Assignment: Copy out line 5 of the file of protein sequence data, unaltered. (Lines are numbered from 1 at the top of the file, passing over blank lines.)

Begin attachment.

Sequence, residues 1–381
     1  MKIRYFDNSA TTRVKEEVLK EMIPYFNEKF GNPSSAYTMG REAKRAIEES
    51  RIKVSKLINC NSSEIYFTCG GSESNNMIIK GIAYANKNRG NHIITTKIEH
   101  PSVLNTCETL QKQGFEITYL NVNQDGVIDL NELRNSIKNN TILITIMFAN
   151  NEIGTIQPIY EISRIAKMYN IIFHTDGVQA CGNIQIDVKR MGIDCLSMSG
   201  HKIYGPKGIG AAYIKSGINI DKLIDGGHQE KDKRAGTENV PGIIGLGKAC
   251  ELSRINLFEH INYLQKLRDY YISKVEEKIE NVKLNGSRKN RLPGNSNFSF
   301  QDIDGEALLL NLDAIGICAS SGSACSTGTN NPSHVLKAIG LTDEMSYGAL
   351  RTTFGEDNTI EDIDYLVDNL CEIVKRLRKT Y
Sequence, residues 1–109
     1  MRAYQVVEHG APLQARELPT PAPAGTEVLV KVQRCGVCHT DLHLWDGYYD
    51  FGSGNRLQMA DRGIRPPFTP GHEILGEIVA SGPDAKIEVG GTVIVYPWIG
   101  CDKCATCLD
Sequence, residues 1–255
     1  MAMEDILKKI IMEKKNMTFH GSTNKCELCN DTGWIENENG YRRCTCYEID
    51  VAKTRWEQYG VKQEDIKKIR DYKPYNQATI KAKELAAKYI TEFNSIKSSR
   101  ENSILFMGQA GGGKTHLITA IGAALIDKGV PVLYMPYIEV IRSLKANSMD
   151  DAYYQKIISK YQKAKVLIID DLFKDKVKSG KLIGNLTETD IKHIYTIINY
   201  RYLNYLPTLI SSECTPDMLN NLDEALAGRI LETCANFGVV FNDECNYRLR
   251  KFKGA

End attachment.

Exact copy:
   151  NEIGTIQPIY EISRIAKMYN IIFHTDGVQA CGNIQIDVKR MGIDCLSMSG